Thursday, 15 August 2013

Grand Plans – Poor Execution

Lately, I’ve found I have lost confidence in what I can make.  Not in terms of the technical (sewing) side of things, but in terms of transposing my ideas into reality.  As a result, I have lovely fabrics sat on shelves or lying across hangers all forlorn and feeling forgotten.  They are not forgotten though, rather I’m too scared to cut into them and attempt my ideas in case they don’t work out.

  • Knowing that I spent good money (not necessarily a lot) on these fabrics should spur me on to use them, but it doesn’t.  (Counter argument - the money is really wasted if I make something gross).
  • Looking in my wardrobe and feeling uninspired should spur me on to make lovely things, but it doesn’t.  (Counter argument – I’ll have even more yucky things to choose between if I fail).
  • Recent past successes should spur me on to make lovely things, but they don’t.  (Counter argument – I’ve had some failures too).

And then I read two blogposts that made me feel a little less nervous and ponder things in a different light:

Karen’s post about a seriously interesting and inspiring woman.  That post taught me that even “failures” serve a purpose – to improve us.  This is not a foreign concept to me.  When I was learning to ski as a child (a child that hated getting things even slightly wrong), my lovely (and patient!) older sister told me: if you haven’t fallen over today, you haven’t learnt anything.  I know this to be true.  My big sis said so.  Then there is this great quote:

The second is Sunni’s post about improving your wardrobe one piece at a time.  Looking at all the items you love, but don’t wear, working out why and fixing it.  Seems unrelated, but the message (ha ha Keith Lemon has ruined that for me: Yes, but what’s the message of your new book/record/trash mag sponsorship deal...”), anyway, the message I took away from that post was in relation to refashioning things.  If an item isn’t being worn anyway, what is the harm in trying to refashion it?  If it all goes pear shaped it can be recycled/donated/thrown out (without guilt) because now there is a good reason not to wear it.

In truth, having a stash makes me feel guilty.  To me, it represents money that has been wasted because the fabric isn’t being used.  (Side note, I’m really happy for any readers who view their stash like the fabric equivalent of saving for a rainy day – that’s lovely, and valid.  Enjoy your stash for me!).  I need to bite the bullet and put my ideas into action.  So what if they are duds?  I’ll learn something along the way.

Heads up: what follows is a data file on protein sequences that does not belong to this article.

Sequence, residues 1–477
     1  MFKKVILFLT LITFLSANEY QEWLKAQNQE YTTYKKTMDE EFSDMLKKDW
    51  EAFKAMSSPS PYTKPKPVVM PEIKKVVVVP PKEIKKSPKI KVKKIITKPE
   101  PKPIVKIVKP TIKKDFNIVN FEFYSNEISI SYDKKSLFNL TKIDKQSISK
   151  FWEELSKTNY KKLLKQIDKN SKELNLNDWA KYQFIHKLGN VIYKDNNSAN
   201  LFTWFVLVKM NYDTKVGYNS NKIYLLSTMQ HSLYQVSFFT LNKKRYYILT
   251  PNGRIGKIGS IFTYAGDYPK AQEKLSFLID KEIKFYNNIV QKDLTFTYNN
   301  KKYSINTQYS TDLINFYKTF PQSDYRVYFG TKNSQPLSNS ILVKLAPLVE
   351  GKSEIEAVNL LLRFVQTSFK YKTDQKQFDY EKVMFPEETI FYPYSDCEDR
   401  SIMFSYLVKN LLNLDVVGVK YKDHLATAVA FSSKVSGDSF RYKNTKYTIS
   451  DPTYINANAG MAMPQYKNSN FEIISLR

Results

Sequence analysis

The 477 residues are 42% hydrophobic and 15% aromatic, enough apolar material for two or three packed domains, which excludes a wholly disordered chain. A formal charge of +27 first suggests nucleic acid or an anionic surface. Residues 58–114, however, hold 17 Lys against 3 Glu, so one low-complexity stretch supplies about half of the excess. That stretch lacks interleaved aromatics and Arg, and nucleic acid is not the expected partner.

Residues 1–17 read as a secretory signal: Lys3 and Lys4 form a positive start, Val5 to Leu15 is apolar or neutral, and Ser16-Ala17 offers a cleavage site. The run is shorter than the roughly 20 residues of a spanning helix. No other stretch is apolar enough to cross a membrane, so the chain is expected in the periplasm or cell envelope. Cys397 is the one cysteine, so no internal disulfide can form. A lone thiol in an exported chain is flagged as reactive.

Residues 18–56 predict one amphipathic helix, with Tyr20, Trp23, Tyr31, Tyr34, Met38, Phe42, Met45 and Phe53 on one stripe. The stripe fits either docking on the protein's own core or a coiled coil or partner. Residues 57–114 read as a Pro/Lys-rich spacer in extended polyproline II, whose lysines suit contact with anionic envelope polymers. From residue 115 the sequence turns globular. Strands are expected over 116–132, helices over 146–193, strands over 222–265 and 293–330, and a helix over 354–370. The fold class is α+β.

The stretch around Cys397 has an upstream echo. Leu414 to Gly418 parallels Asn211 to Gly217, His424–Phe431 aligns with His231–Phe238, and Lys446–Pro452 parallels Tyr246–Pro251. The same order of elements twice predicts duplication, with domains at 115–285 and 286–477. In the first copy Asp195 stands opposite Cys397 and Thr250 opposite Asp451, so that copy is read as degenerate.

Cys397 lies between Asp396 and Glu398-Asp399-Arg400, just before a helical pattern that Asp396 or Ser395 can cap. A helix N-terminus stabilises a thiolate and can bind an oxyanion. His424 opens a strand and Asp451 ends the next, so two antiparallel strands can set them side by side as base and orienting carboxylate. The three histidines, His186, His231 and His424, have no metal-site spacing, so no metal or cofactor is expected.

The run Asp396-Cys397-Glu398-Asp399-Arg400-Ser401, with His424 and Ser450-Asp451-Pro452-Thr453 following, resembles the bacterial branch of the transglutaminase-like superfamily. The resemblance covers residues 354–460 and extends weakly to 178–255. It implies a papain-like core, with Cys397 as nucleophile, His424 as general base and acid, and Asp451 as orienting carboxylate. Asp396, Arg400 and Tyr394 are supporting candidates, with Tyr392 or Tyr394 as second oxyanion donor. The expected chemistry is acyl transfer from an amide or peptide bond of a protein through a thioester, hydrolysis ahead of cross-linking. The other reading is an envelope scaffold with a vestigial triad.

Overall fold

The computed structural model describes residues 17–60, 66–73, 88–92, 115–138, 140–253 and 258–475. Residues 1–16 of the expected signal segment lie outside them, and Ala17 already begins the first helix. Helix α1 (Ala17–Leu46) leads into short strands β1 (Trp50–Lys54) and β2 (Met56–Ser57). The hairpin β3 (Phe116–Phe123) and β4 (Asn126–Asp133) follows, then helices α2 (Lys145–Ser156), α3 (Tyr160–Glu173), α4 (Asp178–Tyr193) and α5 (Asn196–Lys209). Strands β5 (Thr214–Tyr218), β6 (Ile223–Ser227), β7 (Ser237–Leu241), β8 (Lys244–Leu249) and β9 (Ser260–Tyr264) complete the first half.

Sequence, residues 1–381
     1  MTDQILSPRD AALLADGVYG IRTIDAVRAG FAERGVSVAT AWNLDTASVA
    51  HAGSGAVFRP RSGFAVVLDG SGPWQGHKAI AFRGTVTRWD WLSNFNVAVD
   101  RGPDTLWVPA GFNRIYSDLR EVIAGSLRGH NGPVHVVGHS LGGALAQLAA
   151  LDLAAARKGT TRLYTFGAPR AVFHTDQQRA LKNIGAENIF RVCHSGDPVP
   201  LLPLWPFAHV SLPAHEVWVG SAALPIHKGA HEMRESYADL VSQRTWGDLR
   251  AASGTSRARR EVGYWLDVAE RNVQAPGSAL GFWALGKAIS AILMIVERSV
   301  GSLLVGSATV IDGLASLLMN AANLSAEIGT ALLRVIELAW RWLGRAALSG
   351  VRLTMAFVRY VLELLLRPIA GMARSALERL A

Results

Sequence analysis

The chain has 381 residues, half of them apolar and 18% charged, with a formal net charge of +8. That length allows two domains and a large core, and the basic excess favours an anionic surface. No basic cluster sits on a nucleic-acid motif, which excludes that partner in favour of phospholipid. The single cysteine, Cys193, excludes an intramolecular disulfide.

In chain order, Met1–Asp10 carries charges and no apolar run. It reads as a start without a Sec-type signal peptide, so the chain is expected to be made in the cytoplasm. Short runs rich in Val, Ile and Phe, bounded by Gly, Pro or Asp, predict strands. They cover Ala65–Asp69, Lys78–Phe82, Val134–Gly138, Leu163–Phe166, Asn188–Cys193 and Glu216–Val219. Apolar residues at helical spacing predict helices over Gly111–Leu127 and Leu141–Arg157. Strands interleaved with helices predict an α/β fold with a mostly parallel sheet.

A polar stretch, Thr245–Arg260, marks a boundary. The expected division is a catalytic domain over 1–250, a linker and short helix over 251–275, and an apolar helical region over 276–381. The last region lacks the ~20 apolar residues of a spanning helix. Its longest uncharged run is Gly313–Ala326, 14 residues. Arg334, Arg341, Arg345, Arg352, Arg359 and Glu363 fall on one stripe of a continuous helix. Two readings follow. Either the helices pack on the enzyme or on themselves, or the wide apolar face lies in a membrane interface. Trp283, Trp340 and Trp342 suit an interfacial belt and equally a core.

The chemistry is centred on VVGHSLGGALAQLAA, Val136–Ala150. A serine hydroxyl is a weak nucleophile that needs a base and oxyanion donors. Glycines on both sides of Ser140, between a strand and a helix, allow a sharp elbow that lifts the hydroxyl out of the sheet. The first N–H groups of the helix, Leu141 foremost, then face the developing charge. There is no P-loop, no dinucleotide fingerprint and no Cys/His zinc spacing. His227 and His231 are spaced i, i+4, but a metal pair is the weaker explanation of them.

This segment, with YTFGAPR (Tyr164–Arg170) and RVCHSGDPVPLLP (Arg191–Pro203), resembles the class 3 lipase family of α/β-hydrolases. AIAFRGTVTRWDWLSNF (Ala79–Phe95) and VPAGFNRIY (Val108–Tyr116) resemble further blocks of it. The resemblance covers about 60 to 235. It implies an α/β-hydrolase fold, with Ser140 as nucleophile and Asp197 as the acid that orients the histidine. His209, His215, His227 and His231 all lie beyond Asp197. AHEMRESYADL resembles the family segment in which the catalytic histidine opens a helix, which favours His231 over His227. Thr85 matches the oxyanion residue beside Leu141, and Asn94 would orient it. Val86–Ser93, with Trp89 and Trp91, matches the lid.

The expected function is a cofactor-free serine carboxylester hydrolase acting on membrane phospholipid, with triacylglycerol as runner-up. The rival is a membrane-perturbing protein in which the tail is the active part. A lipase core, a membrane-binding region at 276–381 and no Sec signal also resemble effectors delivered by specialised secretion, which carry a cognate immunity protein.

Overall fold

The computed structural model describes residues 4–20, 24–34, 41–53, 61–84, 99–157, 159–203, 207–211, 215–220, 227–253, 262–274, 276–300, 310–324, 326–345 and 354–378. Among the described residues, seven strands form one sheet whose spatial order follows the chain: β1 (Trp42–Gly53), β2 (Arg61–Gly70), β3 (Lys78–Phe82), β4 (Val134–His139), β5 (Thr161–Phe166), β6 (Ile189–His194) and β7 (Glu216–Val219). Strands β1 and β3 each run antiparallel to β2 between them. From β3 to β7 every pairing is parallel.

Here’s to facing our fears.

Saturday, 10 August 2013

Plain Sailing

Empirical evidence would suggest that simple things seem to suit me best.  The evidence is purely that I receive more compliments when wearing simple things compared to "fussy" things.  Maybe they are just easier to understand.

Case in point.  This dress always gets commented on. Always.
This pattern, from 1969, is described as Simple to Sew. "The button trimmed dress with back zipper and shaped bias roll collar features a pleat below left front seam simulating an opening.  V.1 has short set-in sleeves and welts.  V.2 is sleeveless".  There are a couple of these available on Etsy, if you are interested.

I made version 1, without the welts.  I don't like superfluous design details, and these welts are not connected to pockets.  I could have made pockets, but they would be silly sitting there and imagine if I put a hanky in them - I'd have a big lump on my hip.  Erm, no thanks.

The design is cute and clever - the fabric is only cut wider at the start of the pleat, so there isn't any excess fabric above that point.  The sleeves hit at that most flattering point - above the elbow at the point where the bicep kind of goes in and before the bingo bit.  Simplicity 8541, I think I may like you a little too much.

The Good:
The fit of the sleeve: length, width, height.  The silhouette, length.  The way this feels to wear.  You might know what I mean, wearing this dress makes me feel happy and like I don't have a care in the world.  Nice.

The Bad: